def processFacebookPageFeedStatus(status): status_id = status['id'] status_message = '' if 'message' not in status.keys() else status['message'].encode('utf-8') link_name = '' if 'name' not in status.keys() else status['name'].encode('utf-8') status_type = status['type'] status_link = '' if 'link' not in status.keys() else status['link'] # Time needs special care since a) it's in UTC and # b) it's not easy to use in statistical programs. status_published = datetime.datetime.strptime(status['created_time'],'%Y-%m-%dT%H:%M:%S+0000') status_published = status_published + datetime.timedelta(hours=-5) # EST status_published = status_published.strftime('%Y-%m-%d %H:%M:%S') # best time format for spreadsheet programs # Nested items require chaining dictionary keys. num_likes = 0 if 'likes' not in status.keys() else status['likes']['summary']['total_count'] num_comments = 0 if 'comments' not in status.keys() else status['comments']['summary']['total_count'] num_shares = 0 if 'shares' not in status.keys() else status['shares']['count'] # return a tuple of all processed data return (status_id, status_message, link_name, status_type, status_link, status_published, num_likes, num_comments, num_shares) processed_test_status = processFacebookPageFeedStatus(test_status) print processed_test_status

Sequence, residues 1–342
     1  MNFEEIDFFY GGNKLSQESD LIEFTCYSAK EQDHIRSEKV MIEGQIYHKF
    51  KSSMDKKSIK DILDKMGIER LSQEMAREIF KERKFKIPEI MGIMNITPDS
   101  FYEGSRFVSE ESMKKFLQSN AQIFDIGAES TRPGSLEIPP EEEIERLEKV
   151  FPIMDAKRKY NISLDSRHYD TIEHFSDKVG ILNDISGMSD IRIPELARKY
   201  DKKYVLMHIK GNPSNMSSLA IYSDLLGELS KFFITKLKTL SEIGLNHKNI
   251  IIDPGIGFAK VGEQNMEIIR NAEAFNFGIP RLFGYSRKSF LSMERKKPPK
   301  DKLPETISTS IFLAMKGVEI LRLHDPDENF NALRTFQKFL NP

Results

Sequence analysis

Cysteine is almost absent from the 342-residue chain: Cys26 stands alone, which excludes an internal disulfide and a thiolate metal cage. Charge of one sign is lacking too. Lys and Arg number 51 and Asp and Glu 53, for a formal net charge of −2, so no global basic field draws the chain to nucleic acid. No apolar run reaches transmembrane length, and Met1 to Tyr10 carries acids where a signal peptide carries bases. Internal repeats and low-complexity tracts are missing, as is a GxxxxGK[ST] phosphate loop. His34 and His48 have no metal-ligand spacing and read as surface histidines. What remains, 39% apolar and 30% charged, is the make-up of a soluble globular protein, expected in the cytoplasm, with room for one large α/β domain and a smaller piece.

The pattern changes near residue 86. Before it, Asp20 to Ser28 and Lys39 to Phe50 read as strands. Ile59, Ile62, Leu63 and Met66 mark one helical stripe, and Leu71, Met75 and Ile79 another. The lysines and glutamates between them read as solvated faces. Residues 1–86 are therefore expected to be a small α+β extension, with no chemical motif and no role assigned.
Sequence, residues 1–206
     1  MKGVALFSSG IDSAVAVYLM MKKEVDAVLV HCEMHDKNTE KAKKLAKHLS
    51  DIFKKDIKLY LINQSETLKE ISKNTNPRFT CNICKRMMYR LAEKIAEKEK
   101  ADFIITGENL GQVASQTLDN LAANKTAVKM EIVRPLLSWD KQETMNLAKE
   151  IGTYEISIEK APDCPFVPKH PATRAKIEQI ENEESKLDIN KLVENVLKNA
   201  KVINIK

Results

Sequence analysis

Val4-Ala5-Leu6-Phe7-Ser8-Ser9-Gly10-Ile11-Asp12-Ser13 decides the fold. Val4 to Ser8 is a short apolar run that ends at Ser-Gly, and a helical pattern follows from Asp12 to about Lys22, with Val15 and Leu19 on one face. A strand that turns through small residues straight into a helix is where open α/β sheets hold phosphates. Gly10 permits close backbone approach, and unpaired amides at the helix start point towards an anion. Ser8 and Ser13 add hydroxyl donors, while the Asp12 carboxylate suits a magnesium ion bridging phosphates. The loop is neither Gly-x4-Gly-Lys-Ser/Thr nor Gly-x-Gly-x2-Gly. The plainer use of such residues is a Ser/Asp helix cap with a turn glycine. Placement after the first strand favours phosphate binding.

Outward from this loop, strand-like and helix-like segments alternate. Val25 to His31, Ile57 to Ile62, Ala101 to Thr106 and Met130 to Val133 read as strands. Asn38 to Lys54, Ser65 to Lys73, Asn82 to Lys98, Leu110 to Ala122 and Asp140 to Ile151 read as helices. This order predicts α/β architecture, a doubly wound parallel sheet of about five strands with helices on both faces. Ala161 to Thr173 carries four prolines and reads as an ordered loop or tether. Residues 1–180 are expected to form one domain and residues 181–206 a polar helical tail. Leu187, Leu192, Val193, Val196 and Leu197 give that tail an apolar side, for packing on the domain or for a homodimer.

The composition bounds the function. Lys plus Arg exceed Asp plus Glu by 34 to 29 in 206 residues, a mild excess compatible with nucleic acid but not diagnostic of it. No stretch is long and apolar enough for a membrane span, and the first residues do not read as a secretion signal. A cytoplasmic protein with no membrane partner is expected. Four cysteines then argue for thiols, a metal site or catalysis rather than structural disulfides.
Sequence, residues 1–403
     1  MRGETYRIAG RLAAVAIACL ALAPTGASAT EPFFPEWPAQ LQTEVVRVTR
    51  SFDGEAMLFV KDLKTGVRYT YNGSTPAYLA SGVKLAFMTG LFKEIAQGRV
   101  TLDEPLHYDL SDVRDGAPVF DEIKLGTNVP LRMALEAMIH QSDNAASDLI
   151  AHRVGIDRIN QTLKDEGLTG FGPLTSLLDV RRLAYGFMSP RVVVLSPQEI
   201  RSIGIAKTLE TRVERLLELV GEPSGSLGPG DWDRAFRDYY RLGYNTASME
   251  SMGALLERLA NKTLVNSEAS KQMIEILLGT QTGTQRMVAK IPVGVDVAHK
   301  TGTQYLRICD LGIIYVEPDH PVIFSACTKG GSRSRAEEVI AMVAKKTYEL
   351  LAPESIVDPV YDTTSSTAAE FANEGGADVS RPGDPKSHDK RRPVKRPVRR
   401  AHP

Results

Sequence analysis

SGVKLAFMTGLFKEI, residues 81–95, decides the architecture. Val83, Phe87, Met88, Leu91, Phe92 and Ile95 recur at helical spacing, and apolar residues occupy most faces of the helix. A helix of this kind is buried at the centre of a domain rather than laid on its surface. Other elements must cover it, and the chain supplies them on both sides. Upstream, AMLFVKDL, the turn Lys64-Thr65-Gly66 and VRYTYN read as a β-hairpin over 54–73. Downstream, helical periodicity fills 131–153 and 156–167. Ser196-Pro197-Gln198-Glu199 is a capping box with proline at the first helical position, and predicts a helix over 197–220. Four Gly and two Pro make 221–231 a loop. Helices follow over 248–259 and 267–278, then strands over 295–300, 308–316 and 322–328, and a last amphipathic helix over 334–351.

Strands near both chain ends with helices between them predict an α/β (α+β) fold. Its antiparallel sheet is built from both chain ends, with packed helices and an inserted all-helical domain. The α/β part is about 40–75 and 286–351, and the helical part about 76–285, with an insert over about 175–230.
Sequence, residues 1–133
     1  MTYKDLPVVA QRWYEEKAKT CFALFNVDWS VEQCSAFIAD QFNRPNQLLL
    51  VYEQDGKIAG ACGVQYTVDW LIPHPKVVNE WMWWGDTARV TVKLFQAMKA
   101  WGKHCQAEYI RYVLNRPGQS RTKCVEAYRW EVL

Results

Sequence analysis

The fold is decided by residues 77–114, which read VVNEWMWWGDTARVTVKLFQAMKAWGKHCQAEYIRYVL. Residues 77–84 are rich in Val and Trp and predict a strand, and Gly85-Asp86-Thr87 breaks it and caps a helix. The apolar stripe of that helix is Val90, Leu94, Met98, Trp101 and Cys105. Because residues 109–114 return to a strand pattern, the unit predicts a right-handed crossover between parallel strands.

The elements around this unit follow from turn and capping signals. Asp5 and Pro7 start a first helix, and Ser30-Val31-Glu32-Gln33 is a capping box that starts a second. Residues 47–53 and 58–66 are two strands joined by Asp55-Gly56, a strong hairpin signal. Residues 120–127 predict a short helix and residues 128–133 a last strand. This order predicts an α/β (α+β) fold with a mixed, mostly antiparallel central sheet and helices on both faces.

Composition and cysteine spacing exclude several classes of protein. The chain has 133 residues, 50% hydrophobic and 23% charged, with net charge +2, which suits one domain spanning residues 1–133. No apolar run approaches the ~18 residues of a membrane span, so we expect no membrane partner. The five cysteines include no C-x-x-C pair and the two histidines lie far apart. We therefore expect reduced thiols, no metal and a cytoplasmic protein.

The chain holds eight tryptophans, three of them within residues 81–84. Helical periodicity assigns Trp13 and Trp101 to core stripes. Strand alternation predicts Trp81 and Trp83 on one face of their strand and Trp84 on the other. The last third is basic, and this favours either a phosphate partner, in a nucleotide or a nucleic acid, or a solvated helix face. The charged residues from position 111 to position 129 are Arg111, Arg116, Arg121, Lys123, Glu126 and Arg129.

Extracting Tweets

for x in tweepy.Cursor(api.user_timeline, screen_name=twitter_page).items(1): tweet = x.text print (tweet)

Analyzing data on Posts can be used to quantify the growth and success of your own page, or that of your competitors. Or, like you’ll see in the next blog, to build a WhatsApp bot

The data is easy to get and is very useful.

Originally published at ashishkhan.com.